Detail what you created. What methods or techniques did you use? What tools and technologies were involved? Include images, code or video.
Since the fabric I wanted to use was fabric that I bought back at home in New York, the best I could do was make a diagram of what I was planning to do, so that I can describe it in detail. The drawings are http://bit.ly/1Snrx9k and http://bit.ly/1WBgUmB.
The dress has two layers of organza, a blue on the bottom and a white on the top. Due to the way I'm attaching the snaps to the bow to complete the circuit, the LEDs will be attached to the outer layer of fabric, which is what is shown in the drawing. The two snaps connecting to the battery will be on the outside of the fabric and the main circuit will be created by connecting one to the bottom negative side and one to the top positive side of a LED strip. Then, each of the other LED strips will be connected in parallel to the first strip, where the tops will connect to each other and the bottoms will connect with each other. All of the connections will be made with conductive thread and can be sewn in with a machine.
For the wiring on the batteries, I would lay the caps across the two batteries so that, once I solder one of the cap's wires together, the batteries can work together. Then, the loose wires will be intersected with conductive thread (sewn by a machine) to connect with the hand-sewn snaps. The weight of the bow should not be a problem, because there will be support from the underlying petticoat and pins to keep the bow up. The bow will be made from charmeuse satin and will be about a foot wide.
The materials that I will use, other than fabric, are sewing machines and soldering irons. I could also use a serger for the bottom of the dress. I'll be hand-sewing as well as machine sewing, and the LEDs will be attached by hand (most come with a sticky back, so there should not be a lot of trouble, but if there is, I could use some kind of adhesive). It would be a pretty straightforward process.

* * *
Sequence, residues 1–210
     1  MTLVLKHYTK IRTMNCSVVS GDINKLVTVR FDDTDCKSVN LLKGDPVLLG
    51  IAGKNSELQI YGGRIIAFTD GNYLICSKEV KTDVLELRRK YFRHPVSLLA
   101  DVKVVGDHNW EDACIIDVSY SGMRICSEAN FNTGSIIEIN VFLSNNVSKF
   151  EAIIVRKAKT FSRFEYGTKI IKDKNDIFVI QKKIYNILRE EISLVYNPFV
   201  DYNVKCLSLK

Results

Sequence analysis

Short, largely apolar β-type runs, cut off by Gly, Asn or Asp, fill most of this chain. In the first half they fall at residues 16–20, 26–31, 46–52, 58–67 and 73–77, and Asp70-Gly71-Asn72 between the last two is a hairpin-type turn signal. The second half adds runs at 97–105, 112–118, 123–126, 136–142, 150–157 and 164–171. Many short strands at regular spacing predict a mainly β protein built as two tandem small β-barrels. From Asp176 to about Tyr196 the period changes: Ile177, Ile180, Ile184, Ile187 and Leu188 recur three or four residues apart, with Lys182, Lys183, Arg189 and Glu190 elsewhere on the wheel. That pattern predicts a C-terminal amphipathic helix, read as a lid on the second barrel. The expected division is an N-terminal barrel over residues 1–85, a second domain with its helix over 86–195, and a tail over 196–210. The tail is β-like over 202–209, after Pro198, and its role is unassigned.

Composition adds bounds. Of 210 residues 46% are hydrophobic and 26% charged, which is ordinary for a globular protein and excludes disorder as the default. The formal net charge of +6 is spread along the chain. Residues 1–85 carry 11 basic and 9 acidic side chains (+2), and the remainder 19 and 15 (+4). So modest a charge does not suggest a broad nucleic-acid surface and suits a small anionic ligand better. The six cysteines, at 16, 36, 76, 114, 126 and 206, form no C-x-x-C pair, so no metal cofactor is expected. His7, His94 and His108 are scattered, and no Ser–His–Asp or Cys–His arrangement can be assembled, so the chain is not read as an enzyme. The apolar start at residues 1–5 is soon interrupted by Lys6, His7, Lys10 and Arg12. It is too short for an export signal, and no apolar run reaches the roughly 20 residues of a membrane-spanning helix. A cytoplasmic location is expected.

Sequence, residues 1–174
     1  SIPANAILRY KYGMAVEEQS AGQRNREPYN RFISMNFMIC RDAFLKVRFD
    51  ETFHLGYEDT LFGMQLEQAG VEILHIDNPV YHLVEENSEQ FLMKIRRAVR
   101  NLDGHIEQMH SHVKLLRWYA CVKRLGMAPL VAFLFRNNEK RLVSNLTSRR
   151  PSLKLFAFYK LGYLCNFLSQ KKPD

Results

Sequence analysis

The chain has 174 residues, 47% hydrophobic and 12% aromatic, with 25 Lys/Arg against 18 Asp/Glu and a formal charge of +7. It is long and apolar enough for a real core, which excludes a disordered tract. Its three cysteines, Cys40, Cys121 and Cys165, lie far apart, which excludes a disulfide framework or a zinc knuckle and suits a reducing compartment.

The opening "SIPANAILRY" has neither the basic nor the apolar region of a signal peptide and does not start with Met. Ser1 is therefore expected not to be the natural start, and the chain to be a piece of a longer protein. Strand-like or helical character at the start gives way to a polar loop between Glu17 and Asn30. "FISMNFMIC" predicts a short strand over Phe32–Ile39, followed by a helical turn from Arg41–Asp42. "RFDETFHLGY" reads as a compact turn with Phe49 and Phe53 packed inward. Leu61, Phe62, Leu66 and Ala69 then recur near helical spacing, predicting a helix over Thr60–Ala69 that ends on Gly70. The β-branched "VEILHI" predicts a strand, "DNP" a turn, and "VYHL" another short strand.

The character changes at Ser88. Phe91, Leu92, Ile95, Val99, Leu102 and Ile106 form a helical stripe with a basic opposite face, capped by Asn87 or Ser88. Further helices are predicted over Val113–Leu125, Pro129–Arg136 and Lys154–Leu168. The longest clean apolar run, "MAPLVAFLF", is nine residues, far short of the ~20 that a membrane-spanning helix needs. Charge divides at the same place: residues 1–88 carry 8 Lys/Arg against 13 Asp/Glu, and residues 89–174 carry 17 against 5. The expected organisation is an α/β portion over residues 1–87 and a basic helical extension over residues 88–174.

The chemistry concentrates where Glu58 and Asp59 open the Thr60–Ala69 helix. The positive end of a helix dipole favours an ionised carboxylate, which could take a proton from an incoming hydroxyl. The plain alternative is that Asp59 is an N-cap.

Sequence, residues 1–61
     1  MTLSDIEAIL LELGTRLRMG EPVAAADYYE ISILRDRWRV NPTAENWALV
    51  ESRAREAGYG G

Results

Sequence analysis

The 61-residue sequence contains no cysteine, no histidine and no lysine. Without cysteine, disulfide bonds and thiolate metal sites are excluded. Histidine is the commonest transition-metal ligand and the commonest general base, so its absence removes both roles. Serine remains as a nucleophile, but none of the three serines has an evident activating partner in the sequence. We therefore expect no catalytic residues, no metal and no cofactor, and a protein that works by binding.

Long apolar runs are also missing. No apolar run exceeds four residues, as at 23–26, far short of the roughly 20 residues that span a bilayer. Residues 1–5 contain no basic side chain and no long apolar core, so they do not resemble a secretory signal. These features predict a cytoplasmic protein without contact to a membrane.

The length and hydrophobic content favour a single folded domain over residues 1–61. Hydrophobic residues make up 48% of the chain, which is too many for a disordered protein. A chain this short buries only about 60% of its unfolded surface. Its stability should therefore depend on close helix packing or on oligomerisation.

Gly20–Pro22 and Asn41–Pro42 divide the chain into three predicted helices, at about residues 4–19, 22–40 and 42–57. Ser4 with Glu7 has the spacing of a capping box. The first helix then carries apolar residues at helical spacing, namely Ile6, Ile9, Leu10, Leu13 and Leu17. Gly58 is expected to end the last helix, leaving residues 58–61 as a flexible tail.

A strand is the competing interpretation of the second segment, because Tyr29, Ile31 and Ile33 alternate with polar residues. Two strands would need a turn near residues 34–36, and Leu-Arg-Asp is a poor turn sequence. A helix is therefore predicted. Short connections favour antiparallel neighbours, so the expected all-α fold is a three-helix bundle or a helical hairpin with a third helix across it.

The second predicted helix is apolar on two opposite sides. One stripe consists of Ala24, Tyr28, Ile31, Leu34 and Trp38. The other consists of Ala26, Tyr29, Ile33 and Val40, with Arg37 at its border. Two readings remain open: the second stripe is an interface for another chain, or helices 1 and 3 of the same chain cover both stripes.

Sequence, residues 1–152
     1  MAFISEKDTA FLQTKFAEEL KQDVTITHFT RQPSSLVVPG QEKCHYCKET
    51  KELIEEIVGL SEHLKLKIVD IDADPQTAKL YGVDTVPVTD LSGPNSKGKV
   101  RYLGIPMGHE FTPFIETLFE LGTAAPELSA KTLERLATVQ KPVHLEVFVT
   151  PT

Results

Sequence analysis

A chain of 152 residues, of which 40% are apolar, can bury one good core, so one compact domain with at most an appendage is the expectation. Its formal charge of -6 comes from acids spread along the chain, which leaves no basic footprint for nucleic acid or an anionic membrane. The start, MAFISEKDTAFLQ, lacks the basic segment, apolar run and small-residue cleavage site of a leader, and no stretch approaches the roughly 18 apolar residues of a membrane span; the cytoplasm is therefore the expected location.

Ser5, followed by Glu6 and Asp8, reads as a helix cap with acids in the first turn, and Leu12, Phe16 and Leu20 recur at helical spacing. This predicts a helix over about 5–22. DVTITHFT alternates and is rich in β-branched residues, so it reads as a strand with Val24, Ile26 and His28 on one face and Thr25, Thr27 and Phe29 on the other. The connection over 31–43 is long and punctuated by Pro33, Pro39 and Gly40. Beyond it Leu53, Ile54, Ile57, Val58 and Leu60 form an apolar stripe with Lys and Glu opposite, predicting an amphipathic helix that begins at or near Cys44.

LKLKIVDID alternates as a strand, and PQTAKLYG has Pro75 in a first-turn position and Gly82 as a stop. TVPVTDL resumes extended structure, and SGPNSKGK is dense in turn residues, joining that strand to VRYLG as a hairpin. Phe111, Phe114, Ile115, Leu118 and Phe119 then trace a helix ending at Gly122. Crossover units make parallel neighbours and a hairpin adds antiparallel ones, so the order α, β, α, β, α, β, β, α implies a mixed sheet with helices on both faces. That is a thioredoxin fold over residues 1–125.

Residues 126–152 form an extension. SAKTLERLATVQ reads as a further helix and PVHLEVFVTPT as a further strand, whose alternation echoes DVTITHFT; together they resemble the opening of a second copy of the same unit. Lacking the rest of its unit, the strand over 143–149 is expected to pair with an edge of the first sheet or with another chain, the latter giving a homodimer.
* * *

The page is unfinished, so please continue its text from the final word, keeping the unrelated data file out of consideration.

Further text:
Reflect on the process of making this project. What did you learn? What would you do differently?
Considering that this project is an improved version of something I made in the past, I think I already knew what errors could arise from putting the LEDs in the dress. Therefore, I thought about the project a little more before planning how it would work. I learned through this class that there are a lot more efficient ways to do wiring in fabric other than hard wiring through the use of conductive thread and fabric. Since this project is a second go-around at one of my projects, I don't know if there is anything I would do differently yet, especially since I have not been able to make it yet. However, I do have a few concerns regarding the design.
First, I don't know if having the LEDs put on the outer layer of fabric would be as nice looking than if it were under two layers. In the first dress I made, the circuitry was showing, since organza is a very sheer fabric. The LEDs I linked above seemed like they were less noticeable and brighter, so maybe that will fix the problem, but the illusion is to have a glowing dress and not something so obvious. Secondly, while I think the weight of the battery should be fine in the bow and I think the placement of it is good (since the bow is attached afterwards anyway), I do think that it will be too bulky or again, obvious. Maybe it is possible to put the battery pack in a battery holder such that I don't need the snaps to turn it on and off. If I keep it in a removable pack, I can move the battery to different places, which can also solve the problem of having visible circuitry from the LED strips. The only thing that will need to be changed is getting the conductive thread to the battery. While I do have some issues with my current design, it was fun redesigning something with the new things that I had learned from this class.
Include some photos of your sample book.
Day 2: Soft Circuit Fabrics ( http://bit.ly/1qCMcg4 and http://bit.ly/1WD4ACi)
Day 3: Crocheting ( http://bit.ly/1pdZFdg)
Day 3: Laser Cutting ( http://bit.ly/1pdZIWB)